Make the switch
Junk food gives us a big sugar high and a big sugar low resulting in a brain that is lacking fuel. The key? Making the switch from nutrient poor convenience foods typically high in sugar, salt and fat (think fast food, crisps, soft drinks, instant noodles, energy drinks, cordial, lollies, sweetened breakfast cereals, etc.) to foods that are rich in nutrients. If you want your brain to function well, you need to eat food that is jam packed with nutrients!
Now.. to put it all together!
3 super easy, super nutritious options to start the day
- A slice of wholegrain toast with homemade baked beans. Try to buy brands lowest in sugar, with no artificial colours or flavours, or make your own. See our low sugar version here.
- Overnight oats. Fill a cup halfway with whole rolled oats and half a grated apple. Pour over your plant-based milk of choice. Add big dollop of Greek yoghurt and a handful of nuts and seeds. Pop the lid on top and leave overnight in the fridge. By morning you will have a nutritious (and portable) breakfast!
- A smoothie, great for those in a rush. In a blender add a handful of berries, half a banana, a big dollop of full fat natural yoghurt, half an avocado and top with your plant-based milk of choice. Make life even easier and keep chopped up fruit, avocados and spinach in the freezer ready to go!
3 quick lunch box ideas to keep your brain fuelled all afternoon
- Fill a thermos with last night’s casserole, chilli con carne, minestrone soup or stew.
- Wholegrain sandwiches, rolls or wraps that include a source of protein like chicken, egg, hummus or last night’s roast beef. Fill with a generous amount of at least four different vegetables like tomato, grated carrot, beetroot, sprouts, avocado, capsicum, cucumber, spinach etc.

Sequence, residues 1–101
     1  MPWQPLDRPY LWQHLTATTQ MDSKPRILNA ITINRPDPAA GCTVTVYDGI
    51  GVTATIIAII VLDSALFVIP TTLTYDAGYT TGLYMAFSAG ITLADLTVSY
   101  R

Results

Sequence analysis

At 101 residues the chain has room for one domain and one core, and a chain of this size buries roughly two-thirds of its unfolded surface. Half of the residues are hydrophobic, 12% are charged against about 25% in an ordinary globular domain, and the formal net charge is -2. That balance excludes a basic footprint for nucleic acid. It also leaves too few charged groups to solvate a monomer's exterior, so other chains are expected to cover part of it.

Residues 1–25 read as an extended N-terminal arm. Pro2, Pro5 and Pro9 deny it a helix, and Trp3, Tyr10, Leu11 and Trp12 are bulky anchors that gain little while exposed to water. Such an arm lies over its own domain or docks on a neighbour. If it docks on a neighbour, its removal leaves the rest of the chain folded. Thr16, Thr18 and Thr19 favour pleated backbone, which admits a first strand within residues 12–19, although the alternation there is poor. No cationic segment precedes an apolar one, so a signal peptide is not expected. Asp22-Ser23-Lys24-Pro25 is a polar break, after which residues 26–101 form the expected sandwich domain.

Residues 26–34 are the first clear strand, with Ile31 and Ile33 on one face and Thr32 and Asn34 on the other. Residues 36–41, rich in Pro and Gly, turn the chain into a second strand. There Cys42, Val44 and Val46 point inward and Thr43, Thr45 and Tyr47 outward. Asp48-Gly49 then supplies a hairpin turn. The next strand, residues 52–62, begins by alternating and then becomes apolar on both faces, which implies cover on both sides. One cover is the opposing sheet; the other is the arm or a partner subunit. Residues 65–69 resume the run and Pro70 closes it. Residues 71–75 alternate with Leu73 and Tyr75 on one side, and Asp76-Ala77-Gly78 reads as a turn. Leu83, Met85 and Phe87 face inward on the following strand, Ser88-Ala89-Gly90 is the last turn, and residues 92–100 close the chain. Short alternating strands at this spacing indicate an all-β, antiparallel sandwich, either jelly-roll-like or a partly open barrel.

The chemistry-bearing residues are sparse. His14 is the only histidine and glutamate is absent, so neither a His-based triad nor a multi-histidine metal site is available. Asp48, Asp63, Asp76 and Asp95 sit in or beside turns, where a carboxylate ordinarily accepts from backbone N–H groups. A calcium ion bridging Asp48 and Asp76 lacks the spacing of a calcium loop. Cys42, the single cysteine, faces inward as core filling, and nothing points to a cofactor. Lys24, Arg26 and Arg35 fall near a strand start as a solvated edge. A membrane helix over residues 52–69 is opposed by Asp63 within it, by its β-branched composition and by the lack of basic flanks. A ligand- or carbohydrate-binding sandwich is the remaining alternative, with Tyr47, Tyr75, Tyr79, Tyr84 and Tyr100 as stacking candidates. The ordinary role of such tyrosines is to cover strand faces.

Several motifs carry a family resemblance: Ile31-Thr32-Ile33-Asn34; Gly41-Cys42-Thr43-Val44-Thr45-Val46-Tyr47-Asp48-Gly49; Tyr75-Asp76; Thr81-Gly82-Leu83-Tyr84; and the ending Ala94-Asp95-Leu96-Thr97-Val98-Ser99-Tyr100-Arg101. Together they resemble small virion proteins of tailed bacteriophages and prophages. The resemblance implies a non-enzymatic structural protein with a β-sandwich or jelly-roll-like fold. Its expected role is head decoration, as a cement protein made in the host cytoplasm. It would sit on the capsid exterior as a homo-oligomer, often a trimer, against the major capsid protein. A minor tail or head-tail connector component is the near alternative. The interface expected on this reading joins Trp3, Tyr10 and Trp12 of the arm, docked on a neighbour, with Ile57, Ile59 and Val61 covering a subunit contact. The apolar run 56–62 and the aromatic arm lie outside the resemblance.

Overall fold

- Homemade pizza topped with lots of veggies
5 snacks to keep you focused while studying
- Half an apple topped with nut butter.
- A slice of banana bread made with eggs and almond meal. Check out our high protein version here
- A slice of sweet potato and coconut bread topped with almond butter or tahini. This is our dairy free, gluten free recipe here
- Hummus dip with veggie sticks including carrot sticks, celery sticks, cauliflower or broccoli pieces.
- Nuts and seeds. Make a healthy combination of raw almonds, macadamias, walnuts, hazelnuts and brazil nuts mixed with fresh sunflower and pumpkin seeds. Avoid dried fruit. Keep your nuts and seeds in the fridge and avoid if they taste bitter or stale.
Lastly, don’t forget to drink water!
One of the best ways to improve your focus is to stay hydrated. Even mild dehydration can lead to tiredness, headaches, reduced alertness and diminished concentration. If you find it hard to remember to drink enough water throughout the day, keep a big jug or water bottle at your study desk as a visual reminder.
Best of luck! You got this!